We were welcomed back to reality with a cloudy day in Langholm and a temperature about 14 degrees C lower than Nimes but for all the contrast with our recent holiday, it was still quite a pleasant day for late September in southern Scotland and notably calm in the wind department.  Sadly I couldn’t take advantage of the good cycling conditions as I had to visit the health centre and the dentist straight after breakfast.

When I got back from these visits, there were lawns to be mown and flowers to be dead headed so I got busy.  Meanwhile, Mrs Tootlepedal was ploughing through a mountain of washing up.

Although autumn has definitely arrived there is still plenty to look at in the garden.  There are a few new flowers still to appear.  the latest are some nerines which arrived while we were away.


Plenty of old favourites are still around.


Some looking better than others.


A contrast in clematis

The Shirley poppies are still looking wonderful in spite of strong winds and rain when we went away which you might have thought would have wrecked them.

Shirley poppy

Signs of autumn are all around, some unwelcome such as worm casts on the lawn which leave ugly splodges when I mow over them but some more welcome like this Virginia creeper.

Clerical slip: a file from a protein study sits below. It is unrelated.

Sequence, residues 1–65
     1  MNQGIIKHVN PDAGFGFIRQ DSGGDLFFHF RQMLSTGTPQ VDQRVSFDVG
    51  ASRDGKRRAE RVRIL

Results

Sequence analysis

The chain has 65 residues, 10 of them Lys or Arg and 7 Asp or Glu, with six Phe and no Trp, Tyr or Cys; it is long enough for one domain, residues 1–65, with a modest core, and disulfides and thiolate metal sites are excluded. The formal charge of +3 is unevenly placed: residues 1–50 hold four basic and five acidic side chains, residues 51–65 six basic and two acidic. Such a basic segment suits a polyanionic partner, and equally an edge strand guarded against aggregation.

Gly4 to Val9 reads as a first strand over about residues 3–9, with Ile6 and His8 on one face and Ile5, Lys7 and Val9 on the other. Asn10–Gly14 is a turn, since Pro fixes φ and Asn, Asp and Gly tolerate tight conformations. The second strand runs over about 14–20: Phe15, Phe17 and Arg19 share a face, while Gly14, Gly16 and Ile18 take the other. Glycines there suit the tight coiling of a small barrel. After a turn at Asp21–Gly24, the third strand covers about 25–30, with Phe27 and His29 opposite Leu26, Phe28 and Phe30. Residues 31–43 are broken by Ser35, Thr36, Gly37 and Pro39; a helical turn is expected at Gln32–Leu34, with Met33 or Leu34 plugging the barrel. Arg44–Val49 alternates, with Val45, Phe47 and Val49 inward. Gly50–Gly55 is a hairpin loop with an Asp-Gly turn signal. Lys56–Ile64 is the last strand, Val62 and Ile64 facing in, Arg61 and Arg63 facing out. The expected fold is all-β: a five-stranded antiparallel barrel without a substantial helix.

Virginia creeper

The sedum are gloriously red but there are no butterflies to be seen.  This has been a bad year for coloured butterflies in our garden but a very good year for bumble bees…

bee on sedum

…and I expect that bees are more useful to the gardener than butterflies.

In between lawn care and taking flower pictures, I picked some blackberries and raspberries and collected up a lot of windfall apples.   With this haul, I made two jars of raspberry jam and provided a delightful bramble and apple base for a fruit crumble which Mrs Tootlepedal made.  We have more apples than we can eat so I think that Mrs Tootlepedal is considering apple chutney.